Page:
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Global public goods

The web of life

by Mathieu Régnier

In depth

Leaf cutter ants in Honduras.

Leaf cutter ants in Honduras.

Plant and animal species are disappearing fast – and the impacts on human health are not well understood. All we know is that human survival depends on healthy ecosystems.

According to Harvard Medical School’s website, an eminent professor once said about ants: "We need them to survive, but they don’t need us at all." The website goes on to state that this is true of "countless other insects, bacteria, fungi, plankton, plants and other organisms". The reason is that ecosystems depend on the multitude of life forms which serve as checks and balances on one another.

The food, water and air human beings need would not be available without the natural environment. Biological diversity is a crucial component of that environment. It is the safety net that assures ecosystem equilibrium all over the world. Indeed, it ensures our survival.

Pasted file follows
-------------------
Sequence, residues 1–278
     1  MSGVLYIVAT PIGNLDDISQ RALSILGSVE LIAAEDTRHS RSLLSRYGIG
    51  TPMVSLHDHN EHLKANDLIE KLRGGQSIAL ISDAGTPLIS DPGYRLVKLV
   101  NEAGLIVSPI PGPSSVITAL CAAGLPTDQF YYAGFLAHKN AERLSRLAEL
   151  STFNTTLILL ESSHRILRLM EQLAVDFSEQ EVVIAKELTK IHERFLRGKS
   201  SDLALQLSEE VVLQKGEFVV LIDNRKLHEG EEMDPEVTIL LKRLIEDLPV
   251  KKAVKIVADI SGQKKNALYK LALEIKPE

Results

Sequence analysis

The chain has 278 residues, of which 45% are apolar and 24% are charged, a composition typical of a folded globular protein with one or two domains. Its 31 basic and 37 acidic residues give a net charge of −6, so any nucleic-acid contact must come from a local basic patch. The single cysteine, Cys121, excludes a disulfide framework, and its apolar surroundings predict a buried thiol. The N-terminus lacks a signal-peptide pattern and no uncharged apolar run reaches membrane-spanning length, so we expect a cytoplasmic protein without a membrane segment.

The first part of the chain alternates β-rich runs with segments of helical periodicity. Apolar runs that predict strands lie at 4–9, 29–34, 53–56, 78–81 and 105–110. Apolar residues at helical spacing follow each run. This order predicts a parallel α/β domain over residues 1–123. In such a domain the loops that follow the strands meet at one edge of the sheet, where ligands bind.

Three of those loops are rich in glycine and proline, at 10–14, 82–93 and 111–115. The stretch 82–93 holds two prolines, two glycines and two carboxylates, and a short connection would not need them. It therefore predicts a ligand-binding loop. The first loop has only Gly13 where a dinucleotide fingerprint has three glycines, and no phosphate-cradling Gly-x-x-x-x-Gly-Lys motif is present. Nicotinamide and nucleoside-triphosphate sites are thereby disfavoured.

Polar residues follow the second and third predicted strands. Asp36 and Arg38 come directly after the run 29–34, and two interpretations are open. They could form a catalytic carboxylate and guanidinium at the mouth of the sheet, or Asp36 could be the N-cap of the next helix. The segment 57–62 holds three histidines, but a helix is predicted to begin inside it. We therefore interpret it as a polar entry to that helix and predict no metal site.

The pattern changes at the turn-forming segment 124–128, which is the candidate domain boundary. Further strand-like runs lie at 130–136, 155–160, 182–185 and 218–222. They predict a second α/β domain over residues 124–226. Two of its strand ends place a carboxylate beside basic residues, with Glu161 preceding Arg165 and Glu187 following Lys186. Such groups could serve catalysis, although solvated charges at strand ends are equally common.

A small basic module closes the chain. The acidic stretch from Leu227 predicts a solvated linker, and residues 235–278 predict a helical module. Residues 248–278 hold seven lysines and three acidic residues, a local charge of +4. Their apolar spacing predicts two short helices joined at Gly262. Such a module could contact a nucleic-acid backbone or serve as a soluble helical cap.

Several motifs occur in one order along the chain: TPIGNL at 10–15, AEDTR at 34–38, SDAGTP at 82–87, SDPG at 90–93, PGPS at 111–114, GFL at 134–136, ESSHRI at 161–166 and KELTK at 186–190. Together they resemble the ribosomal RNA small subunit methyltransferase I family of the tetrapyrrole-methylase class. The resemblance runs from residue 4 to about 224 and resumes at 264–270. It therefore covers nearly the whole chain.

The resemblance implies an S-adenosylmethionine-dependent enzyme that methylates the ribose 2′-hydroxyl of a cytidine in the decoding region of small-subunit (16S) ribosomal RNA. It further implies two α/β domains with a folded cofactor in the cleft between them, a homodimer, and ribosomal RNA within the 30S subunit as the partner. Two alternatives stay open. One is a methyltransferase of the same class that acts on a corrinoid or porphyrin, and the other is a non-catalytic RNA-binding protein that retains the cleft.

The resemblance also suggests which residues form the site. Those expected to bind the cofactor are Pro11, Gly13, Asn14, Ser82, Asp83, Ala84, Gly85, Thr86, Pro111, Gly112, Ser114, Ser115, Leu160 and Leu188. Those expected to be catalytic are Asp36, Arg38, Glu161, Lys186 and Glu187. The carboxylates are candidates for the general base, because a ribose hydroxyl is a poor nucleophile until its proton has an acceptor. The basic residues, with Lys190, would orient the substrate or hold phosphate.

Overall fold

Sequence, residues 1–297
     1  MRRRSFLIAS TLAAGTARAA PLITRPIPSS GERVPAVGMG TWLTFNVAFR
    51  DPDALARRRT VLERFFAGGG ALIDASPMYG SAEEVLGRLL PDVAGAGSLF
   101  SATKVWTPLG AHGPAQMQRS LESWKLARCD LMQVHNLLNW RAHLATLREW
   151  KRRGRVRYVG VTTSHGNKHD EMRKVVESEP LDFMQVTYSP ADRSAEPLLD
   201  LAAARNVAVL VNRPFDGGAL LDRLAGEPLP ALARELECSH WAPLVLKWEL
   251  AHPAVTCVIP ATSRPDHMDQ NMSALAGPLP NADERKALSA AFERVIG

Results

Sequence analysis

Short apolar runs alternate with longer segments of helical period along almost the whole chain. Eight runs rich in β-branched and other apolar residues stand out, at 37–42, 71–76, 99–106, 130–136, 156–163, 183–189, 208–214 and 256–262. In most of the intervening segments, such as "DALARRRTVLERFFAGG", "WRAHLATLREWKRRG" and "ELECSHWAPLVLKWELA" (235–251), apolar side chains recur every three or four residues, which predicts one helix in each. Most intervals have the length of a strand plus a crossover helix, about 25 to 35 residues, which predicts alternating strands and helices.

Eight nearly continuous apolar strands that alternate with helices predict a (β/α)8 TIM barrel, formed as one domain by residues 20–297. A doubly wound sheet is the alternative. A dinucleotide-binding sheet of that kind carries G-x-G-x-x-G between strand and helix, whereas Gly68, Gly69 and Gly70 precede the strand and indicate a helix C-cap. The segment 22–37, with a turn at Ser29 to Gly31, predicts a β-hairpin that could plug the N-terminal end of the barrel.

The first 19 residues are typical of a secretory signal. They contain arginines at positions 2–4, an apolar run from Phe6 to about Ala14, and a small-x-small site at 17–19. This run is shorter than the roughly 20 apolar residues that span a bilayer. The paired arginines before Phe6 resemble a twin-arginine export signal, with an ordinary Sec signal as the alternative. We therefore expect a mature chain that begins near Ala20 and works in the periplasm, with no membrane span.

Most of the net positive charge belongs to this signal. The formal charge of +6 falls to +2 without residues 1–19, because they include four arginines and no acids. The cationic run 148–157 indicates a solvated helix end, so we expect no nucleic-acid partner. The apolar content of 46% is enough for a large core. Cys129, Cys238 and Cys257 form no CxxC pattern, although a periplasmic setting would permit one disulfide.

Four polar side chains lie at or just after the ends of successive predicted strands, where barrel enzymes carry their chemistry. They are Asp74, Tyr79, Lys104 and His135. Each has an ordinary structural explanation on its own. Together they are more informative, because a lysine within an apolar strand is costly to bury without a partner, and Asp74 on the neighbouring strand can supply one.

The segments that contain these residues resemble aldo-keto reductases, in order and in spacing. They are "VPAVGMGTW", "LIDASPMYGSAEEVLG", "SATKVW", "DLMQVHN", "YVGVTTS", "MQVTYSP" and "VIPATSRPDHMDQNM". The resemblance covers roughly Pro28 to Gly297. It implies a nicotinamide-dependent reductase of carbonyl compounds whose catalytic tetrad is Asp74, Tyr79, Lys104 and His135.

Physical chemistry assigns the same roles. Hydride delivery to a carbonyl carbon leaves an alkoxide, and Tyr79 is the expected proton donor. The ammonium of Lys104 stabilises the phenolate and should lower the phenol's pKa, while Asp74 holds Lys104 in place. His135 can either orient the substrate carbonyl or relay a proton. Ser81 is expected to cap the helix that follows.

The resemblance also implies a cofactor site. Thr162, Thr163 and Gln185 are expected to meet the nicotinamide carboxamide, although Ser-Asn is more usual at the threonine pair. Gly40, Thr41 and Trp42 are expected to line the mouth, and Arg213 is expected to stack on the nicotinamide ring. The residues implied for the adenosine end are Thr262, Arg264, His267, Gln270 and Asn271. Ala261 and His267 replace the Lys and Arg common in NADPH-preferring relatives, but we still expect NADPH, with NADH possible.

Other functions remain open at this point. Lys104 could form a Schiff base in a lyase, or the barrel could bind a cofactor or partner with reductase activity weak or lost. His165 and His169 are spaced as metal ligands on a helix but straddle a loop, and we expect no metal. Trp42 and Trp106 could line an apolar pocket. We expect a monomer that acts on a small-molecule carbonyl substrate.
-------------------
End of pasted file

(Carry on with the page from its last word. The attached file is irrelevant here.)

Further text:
Accordingly, biodiversity is a precon­dition for human health. This is true at several levels, as the World Health Organisation (WHO) points out on its website. Relevant aspects include:

  • Food production depends on the genetic diversity of cultivated plants (also note interview with Gerd Müller in this edition, page 76 ff.), and a diverse diet is good for human health.
  • Biological resources are the basis for traditional medicines, which are used by about 60 % of the world population.
  • Biological resources are also the basis for developing many innovative phar­maceu­ticals. Accordingly, the loss of bio­diversity may imply that active agents for poten­tially groundbreaking pharmaceuticals are never even discovered.
  • Patterns of infectious diseases change when human activities disturb eco­systems. The WHO argues that such disturbances "reduce the abundance of some organisms, cause population growth in others, modify the interactions among organisms and alter the inter­actions between organisms and their physical and chemical environments".